On a sprawling driveway in Tumut, a tiny town off the Hume highway near Wagga Wagga, Holly Conroy is clocking off work. Her hoop earrings clash perfectly with her high-vis getup.
Holly is a transgender truckie. Her penchant for glitter, however, comes second to grit. Holly points to her crooked nose, broken in an AFL match weeks ago. "It looks alright...about the same," she mutters, climbing into the driver's seat of her delivery truck. "The swelling might've gone down a little, but it's still busted."
Holly is also a trailblazer, throwing the first-ever Pride parade in Wagga Wagga.
On March 9, a riot of glitter and heels brought NSW's largest inland city up to speed with Sydney. Approximately 30 per cent of the town's 54,000 residents took to the streets for Wagga's largest party of all time. "It was a bigger success than I expected it to be," says Holly. "Seeing the number of people lining up on the main street to watch the parade brought a tear to my eye."
Approximately 30 per cent of the town's 54,000 residents took to the streets for Wagga's largest party of all time
Holly is the only trans woman working at Tumut Freight Service. Two years ago, aged 38, she came out as transgender for the second time. Her colleagues were supportive. "I first came out as trans at 27 and went back in the closet," Holly says. "My friends back then were always trying to talk me out of it, continually reminding me that I was never going to be able to hold down a job; that people would laugh at me when I walked down the street.”
Tired of the politics preventing Mardi Gras from happening in her hometown, Holly organised the event independently. She feared, however, that her risk would not pay off. After all, Wagga Wagga – historically the safest seat for the National Party – is part of the Christian capital of Australia.
The region is home to the country's highest concentration of Catholics, with 80.8 per cent of residents identifying as Christian. For local trans folk, finding acceptance can be challenging in Australia’s Bible Belt. In 2017, the Telethon Kids Institute found that 48.1 per cent of trans youth had attempted suicide, compared with 2.4 per cent of adolescents in the general population.
In Wagga Wagga, the Mardi Gras was not just a glamorous street party; for many, it was life-changing. "A young guy came up to me at the after party and said he'd been waiting to run into me all night," recalls Holly. "He wanted to tell me he'd decided right there and then to come out."
As she drives through countryside, Holly reflects on her darkest days. In her 20s, she sped down a dirt road and crashed her car into a paddock. Miraculously, she survived. In the decade following her de-transition, Holly's engrained transphobia manifested as hyper masculinity. She became involved with mixed martial arts, covered herself in tattoos and even got married. But after five years, the relationship unravelled. "They want me to be a guy, I'll show them a f***ing guy," thought Holly.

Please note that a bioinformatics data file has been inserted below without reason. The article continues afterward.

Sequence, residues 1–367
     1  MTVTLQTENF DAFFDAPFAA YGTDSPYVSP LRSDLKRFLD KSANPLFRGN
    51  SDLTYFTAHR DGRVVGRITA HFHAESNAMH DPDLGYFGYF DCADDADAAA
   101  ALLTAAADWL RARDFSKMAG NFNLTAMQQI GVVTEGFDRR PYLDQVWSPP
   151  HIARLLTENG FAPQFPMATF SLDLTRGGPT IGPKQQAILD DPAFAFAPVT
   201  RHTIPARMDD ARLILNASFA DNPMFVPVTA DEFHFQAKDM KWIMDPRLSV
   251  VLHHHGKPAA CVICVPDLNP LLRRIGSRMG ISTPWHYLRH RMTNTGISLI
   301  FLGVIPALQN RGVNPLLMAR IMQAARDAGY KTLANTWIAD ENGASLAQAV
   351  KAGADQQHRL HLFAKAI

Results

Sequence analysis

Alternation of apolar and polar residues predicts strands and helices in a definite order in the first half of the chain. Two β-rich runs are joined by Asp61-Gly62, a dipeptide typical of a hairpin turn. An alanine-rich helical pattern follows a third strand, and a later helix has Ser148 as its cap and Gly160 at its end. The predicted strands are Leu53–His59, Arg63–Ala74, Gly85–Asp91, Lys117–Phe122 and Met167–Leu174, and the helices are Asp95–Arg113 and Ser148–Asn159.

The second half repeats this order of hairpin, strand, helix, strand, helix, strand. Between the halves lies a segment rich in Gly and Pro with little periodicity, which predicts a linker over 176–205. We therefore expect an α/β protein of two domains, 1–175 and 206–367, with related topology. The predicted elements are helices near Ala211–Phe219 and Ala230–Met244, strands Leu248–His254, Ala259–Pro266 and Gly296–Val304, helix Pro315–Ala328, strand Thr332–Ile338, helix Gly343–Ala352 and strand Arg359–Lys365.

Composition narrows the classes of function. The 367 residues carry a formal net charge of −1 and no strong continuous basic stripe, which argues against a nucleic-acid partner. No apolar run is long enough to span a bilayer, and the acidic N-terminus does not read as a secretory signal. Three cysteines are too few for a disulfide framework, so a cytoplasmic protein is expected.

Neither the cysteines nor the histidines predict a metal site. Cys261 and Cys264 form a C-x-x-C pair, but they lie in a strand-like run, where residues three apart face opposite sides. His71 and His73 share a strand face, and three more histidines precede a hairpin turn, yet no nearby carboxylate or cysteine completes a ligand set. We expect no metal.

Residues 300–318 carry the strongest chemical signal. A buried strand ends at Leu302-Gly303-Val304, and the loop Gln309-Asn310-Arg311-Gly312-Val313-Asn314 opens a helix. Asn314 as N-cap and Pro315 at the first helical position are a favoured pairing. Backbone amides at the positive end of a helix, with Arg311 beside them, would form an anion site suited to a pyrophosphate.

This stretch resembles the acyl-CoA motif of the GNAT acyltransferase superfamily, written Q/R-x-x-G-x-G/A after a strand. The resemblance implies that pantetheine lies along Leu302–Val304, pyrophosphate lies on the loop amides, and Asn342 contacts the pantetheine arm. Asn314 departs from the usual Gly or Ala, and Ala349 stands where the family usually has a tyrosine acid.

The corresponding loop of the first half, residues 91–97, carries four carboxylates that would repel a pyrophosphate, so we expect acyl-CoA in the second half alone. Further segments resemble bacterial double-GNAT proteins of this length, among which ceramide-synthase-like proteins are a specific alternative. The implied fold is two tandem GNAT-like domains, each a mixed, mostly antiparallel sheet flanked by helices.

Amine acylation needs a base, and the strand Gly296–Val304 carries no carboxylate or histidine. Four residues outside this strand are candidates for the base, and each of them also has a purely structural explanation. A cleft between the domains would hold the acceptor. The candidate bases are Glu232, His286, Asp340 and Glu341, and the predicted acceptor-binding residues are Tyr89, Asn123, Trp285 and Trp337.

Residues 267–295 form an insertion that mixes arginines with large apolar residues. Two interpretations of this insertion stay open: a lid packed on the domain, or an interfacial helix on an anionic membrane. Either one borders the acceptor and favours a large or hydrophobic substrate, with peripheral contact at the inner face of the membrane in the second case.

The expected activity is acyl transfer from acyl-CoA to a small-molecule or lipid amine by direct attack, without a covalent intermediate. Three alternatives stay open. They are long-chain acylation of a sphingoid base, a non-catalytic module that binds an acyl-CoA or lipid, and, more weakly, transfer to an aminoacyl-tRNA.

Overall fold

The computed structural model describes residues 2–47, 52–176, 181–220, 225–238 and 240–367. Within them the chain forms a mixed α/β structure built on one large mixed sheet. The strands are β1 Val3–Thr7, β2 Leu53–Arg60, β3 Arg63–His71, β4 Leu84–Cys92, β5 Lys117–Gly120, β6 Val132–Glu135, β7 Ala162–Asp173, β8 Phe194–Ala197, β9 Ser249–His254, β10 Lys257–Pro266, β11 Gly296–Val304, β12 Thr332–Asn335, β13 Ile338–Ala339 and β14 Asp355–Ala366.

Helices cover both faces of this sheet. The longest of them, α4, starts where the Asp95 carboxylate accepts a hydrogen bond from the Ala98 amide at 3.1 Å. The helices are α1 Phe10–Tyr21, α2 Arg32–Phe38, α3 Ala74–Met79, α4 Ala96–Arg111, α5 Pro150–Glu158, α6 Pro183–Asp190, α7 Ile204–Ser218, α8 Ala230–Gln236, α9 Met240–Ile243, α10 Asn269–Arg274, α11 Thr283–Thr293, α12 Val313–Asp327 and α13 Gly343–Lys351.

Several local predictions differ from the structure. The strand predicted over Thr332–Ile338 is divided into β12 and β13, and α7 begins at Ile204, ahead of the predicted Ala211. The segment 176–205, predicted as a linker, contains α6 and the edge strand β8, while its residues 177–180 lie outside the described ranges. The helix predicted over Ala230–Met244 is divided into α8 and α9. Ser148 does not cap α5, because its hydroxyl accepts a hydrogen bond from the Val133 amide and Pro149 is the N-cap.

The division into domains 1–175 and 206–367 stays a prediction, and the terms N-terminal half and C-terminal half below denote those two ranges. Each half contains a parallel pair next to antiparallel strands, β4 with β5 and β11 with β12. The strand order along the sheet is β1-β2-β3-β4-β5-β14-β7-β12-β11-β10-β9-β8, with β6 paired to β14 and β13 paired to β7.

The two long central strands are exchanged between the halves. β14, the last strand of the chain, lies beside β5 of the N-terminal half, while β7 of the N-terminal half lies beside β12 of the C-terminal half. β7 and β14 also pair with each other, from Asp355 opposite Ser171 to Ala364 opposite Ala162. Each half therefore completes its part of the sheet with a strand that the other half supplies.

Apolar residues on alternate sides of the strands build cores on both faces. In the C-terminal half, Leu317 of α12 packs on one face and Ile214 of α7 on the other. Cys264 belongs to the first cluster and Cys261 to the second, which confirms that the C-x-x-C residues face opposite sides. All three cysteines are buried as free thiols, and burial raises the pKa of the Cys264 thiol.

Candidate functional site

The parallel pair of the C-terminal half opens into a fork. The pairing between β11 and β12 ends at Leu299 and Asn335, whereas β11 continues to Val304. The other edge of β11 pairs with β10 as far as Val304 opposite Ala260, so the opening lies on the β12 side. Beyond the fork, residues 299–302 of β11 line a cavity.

Her father Graham struggled with gaining a daughter because it meant grieving his son
Ten years later, Holly's second coming out and subsequent surgeries were challenging for family members. Her father Graham struggled with gaining a daughter because it meant grieving his son. Holly’s brother Matthew found it hard to reconcile with the change in her appearance. "He decided I was going to be his 'brister.' Not his brother; not his sister; his brister," says Holly. "Guys in my era were brought up to think: you were talking straight, or you were a pussy and gay. There was no in-between."
Holly parks the truck outside her home where she lives with cousin Laurinda. The cottage is more remote than Holly's previous place. Fortunately, this means she's far away from her former neighbour: a cranky transphobe who threatened to physically harm Holly and her cat.
Holly faced further opposition when the motion for a pride parade became public knowledge in mid-2018. She debated Wagga Wagga Councillor Paul Funnel, a man who believes the Safe Schools program leads to the "sexualisation of our children."
"There's plenty of room for everyone to have their beliefs and accept everyone for who they are," says Holly. "We're not there yet, but I do believe we'll get there eventually."
As she boils the kettle in her kitchen, Holly reflects on being seen as different even within the trans community. Her choice to deadname herself is unorthodox and the decision to document her surgeries in upcoming documentary Country Town Pride has sparked concerns among peers. "The trans community speaks a bit about the fact that surgery has been overly focused on by the straight world and that can be to the detriment of other issues," says Holly. "But I didn't have a problem with cameras filming my surgeries. Like I've been saying since the start, educating people is the best way to have acceptance.
“Not everyone out there can take the leap; can speak up. The documentary, the filming of my surgeries and my stories – it all helps. If one person sees it and it saves their life, then that’s great.”
If this story raises issues for you, contact Lifeline on 13 11 14.
Untold Australia: Country Town Pride airs on Wednesday August 28 at 8:30PM on SBS and on Monday September 2 at 9:30PM on SBS Viceland.